Born into a non-religious family in Amiens, Emmanuel Macron decided to become a Catholic and was baptized at the age of 12. He went onto study at a Jesuit school, La Providence, in his hometown where he met his future wife, Brigitte, then a professor there. He later collaborated with the French Protestant philosopher, Paul Ricoeur, and went on to work in Rothschild’s Bank. According to the French media, the 40-year-old president now professes to be agnostic.

Today France is a secular state, marked by “laïcité” or the strict separation of the state from religion. Nevertheless, it has a predominantly Christian population: Around 64 percent of its 65 million citizens are Christian, and some 83 percent of all Christians are Catholic, though the practice of religion is very low.

 

Before meeting the pope, President Macron met the leaders of the Sant’Egidio community. Andrea Riccardi and Marco Impagliazzo, the founder and president of this lay Catholic movement that has been deeply involved, together with the Valdesian church in Italy and some European governments, in building “humanitarian corridoors” to help refugees and migrants from conflicts and poverty in the Middle East and North Africa reach a safe haven in Europe. They discussed the migrant crisis with the president.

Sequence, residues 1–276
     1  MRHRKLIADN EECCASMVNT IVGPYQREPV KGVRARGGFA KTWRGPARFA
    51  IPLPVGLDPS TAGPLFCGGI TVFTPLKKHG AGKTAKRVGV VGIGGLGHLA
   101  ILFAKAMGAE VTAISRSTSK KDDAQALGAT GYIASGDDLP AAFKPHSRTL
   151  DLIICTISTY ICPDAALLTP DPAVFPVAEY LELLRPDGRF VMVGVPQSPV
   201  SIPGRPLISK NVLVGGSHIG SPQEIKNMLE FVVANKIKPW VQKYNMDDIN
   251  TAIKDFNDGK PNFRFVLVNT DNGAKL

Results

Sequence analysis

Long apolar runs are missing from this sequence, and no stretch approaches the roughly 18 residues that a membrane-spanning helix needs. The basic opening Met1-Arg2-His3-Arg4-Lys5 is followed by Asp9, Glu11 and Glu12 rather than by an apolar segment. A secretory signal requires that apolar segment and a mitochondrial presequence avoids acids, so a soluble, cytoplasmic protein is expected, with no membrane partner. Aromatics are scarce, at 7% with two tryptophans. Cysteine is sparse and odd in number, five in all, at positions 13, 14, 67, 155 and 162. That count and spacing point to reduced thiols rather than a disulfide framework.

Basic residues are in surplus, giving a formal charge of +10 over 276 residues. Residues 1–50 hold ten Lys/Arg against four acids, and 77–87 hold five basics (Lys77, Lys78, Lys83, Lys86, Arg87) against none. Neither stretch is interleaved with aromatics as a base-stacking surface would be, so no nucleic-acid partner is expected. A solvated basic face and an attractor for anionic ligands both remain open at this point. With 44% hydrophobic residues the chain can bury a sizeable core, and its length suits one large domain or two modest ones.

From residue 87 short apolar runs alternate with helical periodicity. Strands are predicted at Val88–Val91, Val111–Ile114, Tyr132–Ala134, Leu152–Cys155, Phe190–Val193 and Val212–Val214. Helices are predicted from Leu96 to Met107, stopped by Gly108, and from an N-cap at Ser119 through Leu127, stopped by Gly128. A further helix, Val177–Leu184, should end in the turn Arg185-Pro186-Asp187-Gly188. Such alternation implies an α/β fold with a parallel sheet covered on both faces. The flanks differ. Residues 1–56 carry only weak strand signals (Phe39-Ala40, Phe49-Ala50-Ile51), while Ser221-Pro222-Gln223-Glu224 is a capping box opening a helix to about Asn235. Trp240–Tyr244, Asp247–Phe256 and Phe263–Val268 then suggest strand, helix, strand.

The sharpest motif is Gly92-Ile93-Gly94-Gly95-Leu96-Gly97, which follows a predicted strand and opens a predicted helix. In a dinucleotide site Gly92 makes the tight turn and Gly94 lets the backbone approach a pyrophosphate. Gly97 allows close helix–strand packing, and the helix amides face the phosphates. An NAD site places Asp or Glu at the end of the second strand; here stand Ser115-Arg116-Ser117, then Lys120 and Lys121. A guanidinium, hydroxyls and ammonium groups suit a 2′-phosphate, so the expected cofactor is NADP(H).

This afternoon, President Macron was installed as “the first and honorary canon” of St. John Lateran’s Basilica—the pope’s basilica in Rome, a unique honor given originally to the kings of France at the time of King Henry IV (1589-1610) for their services to the basilica and subsequently passed on to all the heads of state of France, a country once known as “the elder daughter of the church.”

Over the past half-century, French presidents Charles de Gaulle, Valéry Giscard d’Estaing, Jacques Chirac and Nicolas Sarkozy were installed as honorary canons, as Macron was today, but Presidents Georges Pompidou, François Mitterrand and François Hollande, while accepting the title, did not take possession of their seat there.

“The title grants no rights to its holder, not even that of entering the church on horseback, contrary to a stubborn rumor,” Nicolas Senèze, correspondent for the French Catholic daily La Croix, wrote in a recent article.

Comments are automatically closed two weeks after an article's initial publication. See our comments policy for more.
Robert Lewis
3 years 5 months ago

Emmanuel Macron is now the leader of the Western Alliance (or what's left of it), and the free world--after Drumpf has decided he wants no part of the role.

Carlos Orozco
3 years 5 months ago

Can Macron lead the globalist forces? We shall find out: it seems Germans will sack his mom Merkel in a few weeks.